Tag Archives: tankard

#134 – Keizer Karel Rouge

#134 - Keizer Karel Rouge

Size: 330 ml

ABV: 8.5 %

We first met Charles Quint (Keizer Karel Blonde #39) 95 beers ago. That seems an age ago now, and many historical figures have come and gone since, but good old Charles always liked a beer, and this is partly why he is so revered by the Belgian beer community.

We already know that Charles spent most of his time in Spain, but he also liked to get out and travel across his Empire, especially finding time to get home. Legend has it on one such night in a little village called Olen near Antwerp, he found an inn serving his favourite tipple. The innkeeper brought a mug of beer to his table and held it by its handle as he handed it across. Charles felt it was inappropriate to handle it in this way, and so asked the innkeeper to return with the beer in a mug with two handles. The patient landlord duly returned carrying the heavy cup with both hands, still leaving Charles with no free handle to take the glass from him. Charles is said to have then paid the innkeeper handsomely in gold to go away and have a cup made with three handles – especially for him to be able to accept the drink like a gentleman.

If you go to Olen, there is a statue of this famous beer glass, and it is possible in the right places to drink Keizer Karel/Charles Quint beers out of this three-eared style tankard. The locals have also, rightly or wrongly, garnered quite a reputation for their lack of intellectual prowess. All this because of a 16th Century innkeeper!

The beer itself wasn’t unlike the last one I had drunk (#133), in that it was dark, malty and of an aniseed persuasion, which to be honest I certainly wasn’t expecting. It was eminently more fizzy though and once through the thickset head, it ended up being a perfect supper time tipple.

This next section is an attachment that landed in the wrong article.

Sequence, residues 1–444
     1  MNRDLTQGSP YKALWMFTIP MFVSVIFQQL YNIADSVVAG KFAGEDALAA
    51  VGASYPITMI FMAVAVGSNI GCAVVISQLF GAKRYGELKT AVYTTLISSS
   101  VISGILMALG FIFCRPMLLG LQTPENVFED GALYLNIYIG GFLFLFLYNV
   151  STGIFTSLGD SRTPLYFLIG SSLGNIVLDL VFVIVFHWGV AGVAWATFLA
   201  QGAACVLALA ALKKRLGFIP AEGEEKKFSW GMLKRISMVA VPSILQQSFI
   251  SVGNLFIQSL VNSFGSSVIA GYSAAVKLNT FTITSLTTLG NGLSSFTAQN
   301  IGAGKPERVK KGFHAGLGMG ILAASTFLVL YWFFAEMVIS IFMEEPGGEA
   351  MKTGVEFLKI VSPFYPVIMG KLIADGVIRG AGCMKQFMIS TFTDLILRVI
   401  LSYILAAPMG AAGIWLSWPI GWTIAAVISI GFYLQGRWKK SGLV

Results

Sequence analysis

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Filed under 7, Belgian Strong Ale, Haacht

#63 – La Gauloise Brune

La Gauloise Brune

Size: 330 ml

ABV: 8.1 %

My second beer in the Purnode campsite was another local brew from just across the way – La Gauloise Brune. This is a beer that celebrates the many Gallo-Roman sites in the locality, and which when first brewed back in 1858 by Du Bocq, attempted to recreate how those residents of ancient Gaul would have brewed beer. The strapline of the beer echoes this – ‘La biere de nos ancetres’. These ancestors funnily enough were known as Gauls.

Gaul is the historic name used by the Roman Empire to refer to the region of Western Europe that was what is now largely France and Belgium. In fact, Julius Caesar went as far as to break Gaul down further into three distinct ethnic groups – The Aquitani in the south west, the Celts in the middle, and the Belgae in the north between the Rhine and the Seine.

Gaul was eventually conquered by the Romans during the Gallic wars, where at least a million people died, and a further million were enslaved (totalling almost a half of the entire Gallic population). three hundred tribes were subjugated, and eight hundred cities destroyed. The tribes never really had a chance to be fair, as more often than not they were fighting amongst themselves, even when Julius Caesar became the common enemy. Their principal religion tended to be animism, in which animals were worshipped, and they tended to follow the political inclinations of the Druids, who had particularly strong beliefs in not recording the Celtic wisdom and literature into writing. It is often said that this is the reason the language of the Celts has virtually disappeared without trace except for parts of Brittany. For anybody seeking further information on the Gauls I would suggest reading Asterix. From what I have read on Gaul so far, it remains remarkably coherent in its portrayal of life at this time.

I was served the beer in a cracking little tankard with the newer logo on it, and after pouring I held it up to the light, to see a chestnut brown infused with ruby red. It looked the business, especially with its sepia head remaining pert on top. The aroma was intensely malty, and the taste was smooth and strong, echoing even more maltiness. It was a pleasant drink right to the end, but just didn’t go far enough to earn a better rating. Anyway, it has inspired me to go back and read Asterix, which of course I will do once I finish Tintin.

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Filed under 7, Abbey Dubbel, Du Bocq